I experimented a lot, but quickly settled on a logomark that would involve repeating circle patterns — it felt tonally playful but representative of the subject. Being immersed in a new reality involves your eyes being pulled in.
However, I found inspiration while studying on campus for a logomark that took all three of our principles at its core.
This is an old photo, but I took the shapes of the concentric circles surround our redesigned Kessler Campanile to form the core of the ImmerseGT brand:
I went through a lot of iteration, including lots of 3D experimentation next:
I returned to the evaluation stage and gathered feedback on some of these designs from across the organization. The final concept was a clear favorite, but there were a few issues:
It was too dark. We wanted Immerse to feel playful and bright as well as professional, but a heavily subdued gradient made it feel invisible.
The complex cut-in logo reduced the presence of the spiral, and the heavily varied weights in the design would make printing complicated.
I enhanced the gradient to add some color back, but kept it subdued so that logo felt like it was floating in space. I also added to the spacey feel through updated typography that mirrors the serious tone and wide spacing of actual space missions, and "immersed" the logomark into the text. We chose Satoshi for a powerful mix of both playful and serious vibes across our assets.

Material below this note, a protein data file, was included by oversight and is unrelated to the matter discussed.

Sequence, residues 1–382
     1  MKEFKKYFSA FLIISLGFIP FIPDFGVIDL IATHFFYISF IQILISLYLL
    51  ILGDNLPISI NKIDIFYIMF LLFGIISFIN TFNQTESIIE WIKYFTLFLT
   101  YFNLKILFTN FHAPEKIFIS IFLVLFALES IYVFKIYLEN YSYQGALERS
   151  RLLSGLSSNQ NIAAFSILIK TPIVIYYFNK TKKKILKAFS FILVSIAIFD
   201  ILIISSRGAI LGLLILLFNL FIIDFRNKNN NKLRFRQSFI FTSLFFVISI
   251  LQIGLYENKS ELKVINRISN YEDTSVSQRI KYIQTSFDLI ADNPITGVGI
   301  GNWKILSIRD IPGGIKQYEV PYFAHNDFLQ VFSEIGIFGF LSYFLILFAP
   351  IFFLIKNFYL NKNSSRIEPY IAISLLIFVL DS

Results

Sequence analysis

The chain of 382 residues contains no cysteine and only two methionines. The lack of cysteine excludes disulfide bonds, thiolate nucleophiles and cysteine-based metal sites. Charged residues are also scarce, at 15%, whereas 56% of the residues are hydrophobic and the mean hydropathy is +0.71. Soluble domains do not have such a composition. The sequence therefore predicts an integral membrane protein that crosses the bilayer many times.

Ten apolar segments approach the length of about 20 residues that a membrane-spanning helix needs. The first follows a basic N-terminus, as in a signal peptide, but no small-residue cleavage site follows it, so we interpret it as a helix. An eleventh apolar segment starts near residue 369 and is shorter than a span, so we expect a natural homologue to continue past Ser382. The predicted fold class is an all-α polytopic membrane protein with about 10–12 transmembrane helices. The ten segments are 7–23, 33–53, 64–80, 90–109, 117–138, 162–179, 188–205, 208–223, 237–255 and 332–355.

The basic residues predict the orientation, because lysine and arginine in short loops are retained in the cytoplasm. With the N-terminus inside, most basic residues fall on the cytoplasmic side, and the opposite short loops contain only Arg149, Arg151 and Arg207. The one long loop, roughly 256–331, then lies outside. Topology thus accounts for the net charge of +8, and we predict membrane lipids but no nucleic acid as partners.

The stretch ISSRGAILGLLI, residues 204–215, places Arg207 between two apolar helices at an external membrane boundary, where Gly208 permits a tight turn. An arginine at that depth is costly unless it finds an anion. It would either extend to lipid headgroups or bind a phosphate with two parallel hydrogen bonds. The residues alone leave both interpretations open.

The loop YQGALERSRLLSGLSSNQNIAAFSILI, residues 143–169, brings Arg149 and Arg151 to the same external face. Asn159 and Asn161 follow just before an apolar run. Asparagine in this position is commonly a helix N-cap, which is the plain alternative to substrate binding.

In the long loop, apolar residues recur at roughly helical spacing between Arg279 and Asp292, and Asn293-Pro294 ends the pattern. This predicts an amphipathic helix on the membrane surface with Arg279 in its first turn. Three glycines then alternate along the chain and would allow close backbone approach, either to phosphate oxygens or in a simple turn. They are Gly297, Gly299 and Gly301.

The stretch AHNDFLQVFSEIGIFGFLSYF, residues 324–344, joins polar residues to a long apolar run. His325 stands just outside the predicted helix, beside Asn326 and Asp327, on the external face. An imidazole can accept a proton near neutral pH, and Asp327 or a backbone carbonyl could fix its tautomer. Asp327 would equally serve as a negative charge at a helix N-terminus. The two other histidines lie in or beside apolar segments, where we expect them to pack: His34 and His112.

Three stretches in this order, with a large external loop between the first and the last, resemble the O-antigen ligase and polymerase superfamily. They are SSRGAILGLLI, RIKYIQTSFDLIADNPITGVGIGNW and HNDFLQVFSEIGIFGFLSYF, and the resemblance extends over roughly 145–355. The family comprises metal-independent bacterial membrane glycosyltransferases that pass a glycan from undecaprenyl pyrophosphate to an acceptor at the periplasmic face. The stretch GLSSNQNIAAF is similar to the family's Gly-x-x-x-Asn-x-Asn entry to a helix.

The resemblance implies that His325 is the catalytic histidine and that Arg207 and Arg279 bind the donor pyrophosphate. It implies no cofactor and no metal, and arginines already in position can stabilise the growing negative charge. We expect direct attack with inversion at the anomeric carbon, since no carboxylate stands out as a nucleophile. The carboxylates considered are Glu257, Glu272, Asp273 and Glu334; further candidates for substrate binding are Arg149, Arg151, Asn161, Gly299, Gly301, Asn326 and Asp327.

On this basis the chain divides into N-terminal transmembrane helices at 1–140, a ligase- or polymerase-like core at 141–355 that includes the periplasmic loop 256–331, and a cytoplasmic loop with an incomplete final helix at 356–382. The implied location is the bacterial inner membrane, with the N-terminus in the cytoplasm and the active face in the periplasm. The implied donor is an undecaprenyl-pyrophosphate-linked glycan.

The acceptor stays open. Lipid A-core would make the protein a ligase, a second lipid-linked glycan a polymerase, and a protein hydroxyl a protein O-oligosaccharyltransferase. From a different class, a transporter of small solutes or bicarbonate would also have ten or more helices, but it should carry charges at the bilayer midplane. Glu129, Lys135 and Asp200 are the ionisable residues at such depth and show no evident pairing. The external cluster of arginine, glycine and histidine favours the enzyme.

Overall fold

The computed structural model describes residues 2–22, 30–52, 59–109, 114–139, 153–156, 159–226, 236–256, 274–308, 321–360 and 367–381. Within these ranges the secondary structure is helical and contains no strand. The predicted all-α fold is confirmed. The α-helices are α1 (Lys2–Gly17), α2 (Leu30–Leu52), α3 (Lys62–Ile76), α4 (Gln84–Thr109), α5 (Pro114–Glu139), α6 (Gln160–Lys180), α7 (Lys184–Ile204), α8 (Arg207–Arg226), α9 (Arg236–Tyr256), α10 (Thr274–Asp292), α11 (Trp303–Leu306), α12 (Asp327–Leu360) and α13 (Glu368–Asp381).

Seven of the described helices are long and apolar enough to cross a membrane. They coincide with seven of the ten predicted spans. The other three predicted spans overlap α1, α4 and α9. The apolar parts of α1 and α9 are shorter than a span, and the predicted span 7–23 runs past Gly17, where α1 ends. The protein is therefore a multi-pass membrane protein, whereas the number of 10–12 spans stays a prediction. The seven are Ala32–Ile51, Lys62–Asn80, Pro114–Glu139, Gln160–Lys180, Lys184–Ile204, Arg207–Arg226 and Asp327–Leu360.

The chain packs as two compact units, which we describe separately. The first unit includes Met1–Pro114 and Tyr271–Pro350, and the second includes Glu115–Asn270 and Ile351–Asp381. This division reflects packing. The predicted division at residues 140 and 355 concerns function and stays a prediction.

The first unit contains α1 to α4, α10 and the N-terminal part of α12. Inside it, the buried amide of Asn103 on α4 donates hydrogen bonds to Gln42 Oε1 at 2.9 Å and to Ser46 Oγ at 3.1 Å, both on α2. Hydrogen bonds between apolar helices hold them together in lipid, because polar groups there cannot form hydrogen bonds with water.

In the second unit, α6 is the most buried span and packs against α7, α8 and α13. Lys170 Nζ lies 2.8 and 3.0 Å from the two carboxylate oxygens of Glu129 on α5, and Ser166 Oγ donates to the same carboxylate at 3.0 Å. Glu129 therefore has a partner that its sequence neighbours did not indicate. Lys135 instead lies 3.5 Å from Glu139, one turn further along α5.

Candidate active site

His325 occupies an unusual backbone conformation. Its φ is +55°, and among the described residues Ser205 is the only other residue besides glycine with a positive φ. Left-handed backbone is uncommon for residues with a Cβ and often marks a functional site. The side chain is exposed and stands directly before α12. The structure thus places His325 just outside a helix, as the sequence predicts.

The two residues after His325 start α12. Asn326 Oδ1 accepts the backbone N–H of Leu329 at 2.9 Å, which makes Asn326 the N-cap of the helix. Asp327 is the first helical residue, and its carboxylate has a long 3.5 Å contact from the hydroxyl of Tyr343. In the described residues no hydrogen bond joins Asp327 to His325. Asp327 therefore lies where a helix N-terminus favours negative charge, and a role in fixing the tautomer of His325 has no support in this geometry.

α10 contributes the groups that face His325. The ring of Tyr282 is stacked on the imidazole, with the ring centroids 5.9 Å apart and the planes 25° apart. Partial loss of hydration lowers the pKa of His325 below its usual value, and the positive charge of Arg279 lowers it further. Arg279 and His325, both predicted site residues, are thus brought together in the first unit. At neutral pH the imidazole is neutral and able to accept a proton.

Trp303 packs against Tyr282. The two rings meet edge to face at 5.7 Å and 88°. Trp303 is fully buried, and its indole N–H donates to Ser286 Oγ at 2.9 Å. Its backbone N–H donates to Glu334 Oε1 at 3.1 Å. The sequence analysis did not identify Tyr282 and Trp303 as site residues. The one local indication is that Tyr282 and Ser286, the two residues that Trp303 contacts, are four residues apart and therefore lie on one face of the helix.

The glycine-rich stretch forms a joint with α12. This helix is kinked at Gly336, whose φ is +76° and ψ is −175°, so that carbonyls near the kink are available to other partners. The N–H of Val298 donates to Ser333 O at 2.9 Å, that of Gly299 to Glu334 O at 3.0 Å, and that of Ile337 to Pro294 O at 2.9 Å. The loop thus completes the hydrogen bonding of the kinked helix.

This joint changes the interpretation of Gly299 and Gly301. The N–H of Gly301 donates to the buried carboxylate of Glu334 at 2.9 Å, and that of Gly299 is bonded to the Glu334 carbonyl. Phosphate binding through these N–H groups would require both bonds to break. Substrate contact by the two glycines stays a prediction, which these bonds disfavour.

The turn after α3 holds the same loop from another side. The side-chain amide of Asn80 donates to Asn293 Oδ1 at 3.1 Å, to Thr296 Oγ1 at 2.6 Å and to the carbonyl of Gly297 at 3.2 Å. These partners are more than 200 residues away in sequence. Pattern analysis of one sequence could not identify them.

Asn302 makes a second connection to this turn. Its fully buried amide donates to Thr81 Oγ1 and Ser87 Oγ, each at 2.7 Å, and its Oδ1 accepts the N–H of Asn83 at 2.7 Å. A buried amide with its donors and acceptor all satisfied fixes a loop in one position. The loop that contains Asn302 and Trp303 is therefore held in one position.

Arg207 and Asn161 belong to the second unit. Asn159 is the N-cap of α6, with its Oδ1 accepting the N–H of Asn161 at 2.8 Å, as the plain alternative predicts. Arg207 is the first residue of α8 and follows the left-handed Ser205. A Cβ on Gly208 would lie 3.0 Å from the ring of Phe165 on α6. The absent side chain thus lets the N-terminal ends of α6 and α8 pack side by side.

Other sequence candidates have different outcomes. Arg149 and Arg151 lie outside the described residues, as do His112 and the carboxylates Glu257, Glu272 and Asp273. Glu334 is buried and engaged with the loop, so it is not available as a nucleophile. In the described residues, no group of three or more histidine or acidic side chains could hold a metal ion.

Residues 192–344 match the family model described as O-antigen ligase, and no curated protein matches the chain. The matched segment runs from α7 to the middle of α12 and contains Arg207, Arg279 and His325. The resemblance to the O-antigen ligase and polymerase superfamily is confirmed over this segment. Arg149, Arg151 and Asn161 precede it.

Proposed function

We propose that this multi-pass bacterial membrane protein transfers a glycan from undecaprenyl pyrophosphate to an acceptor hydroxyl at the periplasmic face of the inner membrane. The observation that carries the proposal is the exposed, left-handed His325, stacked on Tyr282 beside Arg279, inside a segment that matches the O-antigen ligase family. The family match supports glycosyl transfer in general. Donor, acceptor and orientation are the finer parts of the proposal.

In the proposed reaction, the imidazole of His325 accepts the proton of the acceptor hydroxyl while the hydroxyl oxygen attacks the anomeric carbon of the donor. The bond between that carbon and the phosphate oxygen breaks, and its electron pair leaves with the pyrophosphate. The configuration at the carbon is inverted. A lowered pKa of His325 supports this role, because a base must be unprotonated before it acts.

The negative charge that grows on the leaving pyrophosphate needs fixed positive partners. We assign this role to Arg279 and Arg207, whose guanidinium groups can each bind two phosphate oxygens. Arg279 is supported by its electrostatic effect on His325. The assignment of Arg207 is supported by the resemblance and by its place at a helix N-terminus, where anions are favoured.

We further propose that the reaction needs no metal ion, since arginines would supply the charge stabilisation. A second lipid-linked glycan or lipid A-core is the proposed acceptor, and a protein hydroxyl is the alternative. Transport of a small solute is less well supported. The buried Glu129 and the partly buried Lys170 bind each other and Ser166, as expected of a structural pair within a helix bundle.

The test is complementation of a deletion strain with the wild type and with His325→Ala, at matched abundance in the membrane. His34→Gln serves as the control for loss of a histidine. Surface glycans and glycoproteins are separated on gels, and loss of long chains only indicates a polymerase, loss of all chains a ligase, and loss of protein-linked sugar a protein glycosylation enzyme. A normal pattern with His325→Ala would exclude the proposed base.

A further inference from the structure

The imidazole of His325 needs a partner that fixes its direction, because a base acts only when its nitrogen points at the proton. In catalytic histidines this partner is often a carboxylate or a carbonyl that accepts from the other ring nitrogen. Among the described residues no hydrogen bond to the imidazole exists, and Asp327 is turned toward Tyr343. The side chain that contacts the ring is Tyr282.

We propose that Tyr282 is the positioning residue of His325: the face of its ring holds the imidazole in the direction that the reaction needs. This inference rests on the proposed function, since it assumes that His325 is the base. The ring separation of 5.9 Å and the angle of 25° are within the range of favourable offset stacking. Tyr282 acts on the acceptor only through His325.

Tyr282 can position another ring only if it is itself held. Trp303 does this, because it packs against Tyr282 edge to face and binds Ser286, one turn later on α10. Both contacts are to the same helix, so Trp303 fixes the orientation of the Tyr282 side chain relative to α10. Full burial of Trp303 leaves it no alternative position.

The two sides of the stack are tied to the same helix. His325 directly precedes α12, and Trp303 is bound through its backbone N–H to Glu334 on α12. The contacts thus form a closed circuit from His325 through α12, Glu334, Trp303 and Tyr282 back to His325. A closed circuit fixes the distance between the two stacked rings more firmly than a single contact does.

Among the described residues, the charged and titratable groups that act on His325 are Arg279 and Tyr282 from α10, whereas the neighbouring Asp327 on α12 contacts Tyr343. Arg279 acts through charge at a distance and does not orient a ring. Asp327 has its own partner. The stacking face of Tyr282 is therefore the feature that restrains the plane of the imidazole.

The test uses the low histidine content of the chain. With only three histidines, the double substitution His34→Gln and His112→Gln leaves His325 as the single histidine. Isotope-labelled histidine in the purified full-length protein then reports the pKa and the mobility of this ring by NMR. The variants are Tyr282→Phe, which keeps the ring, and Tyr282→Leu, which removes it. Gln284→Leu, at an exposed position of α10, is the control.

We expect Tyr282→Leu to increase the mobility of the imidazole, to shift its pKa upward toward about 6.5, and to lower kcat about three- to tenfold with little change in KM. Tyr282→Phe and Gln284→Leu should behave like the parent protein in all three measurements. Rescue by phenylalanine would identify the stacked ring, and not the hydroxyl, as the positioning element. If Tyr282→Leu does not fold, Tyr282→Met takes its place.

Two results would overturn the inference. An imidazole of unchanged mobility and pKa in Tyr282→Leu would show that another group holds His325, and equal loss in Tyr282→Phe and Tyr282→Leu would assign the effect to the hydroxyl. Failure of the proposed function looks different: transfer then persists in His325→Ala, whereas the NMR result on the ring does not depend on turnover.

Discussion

We found that not only the org, but our partners across Georgia Tech, Deloitte, and GTXR were immensely happy with this brand. However, we weren't quite done! Now it was time to produce the assets.
My main task in this phase was to delegate and guide the creation of our marketing materials, website, and physical goods like name tags and stickers.
I got the assignment of designing t-shirts we would print for participants to wear, to really tie it all together. This was a spot where we could really go all out with visuals. Startup Exchange has a famous history for t-shirts on campus, and we wanted something people would continue to wear.
While these were all popular, we faced a sudden issue as the event approached. ImmerseGT had succeeded beyond our craziest expectations, and our marketing had been wildly successful. Sponsors had their budgets lined up for the year. To handle the sheer number of applicants, our allocations had to shift, so we made the decision to shift to a single-color t-shirt. This is a challenge for a number of reasons, but our final design is arguably better than our initial concepts.
ImmerseGT was a wild success. I'm so proud of the work the whole team at Startup Exchange put in to make this event work. Our new branding strategy proved to be effective, as months later we still receive feedback on how tightly nit the community felt during those two days.
ImmerseGT was a hectic and exciting time, but it was also my first time leading a major brand initiative and running a design team. Here's a few things I learned:
Get started early. I waited too long for other teams to finalize details and get ready, when we had the information we needed to start ideating much earlier. Had we begun ahead of time, we may even have been able to budget multi-color shirts.
Delegate, delegate, delegate! I took on the bulk of the work early in the project when I had powerful and talented designers who were willing to help. As an uncertain leader, I felt uncomfortable telling people what to do, but we could have moved much faster as a team if I made sure to start delegating earlier. I eventually learned this as the event approached.
Be adaptable. ImmerseGT involved a huge number of partners, multiple organizations. and required a dynamic overhaul of Startup Exchange in order to pull off. I'm proud of Design as being one of the fastest moving teams, able to pull off incredible work in the face of short deadlines, but I think we could've been even better at finding solutions to the numerous setbacks we faced.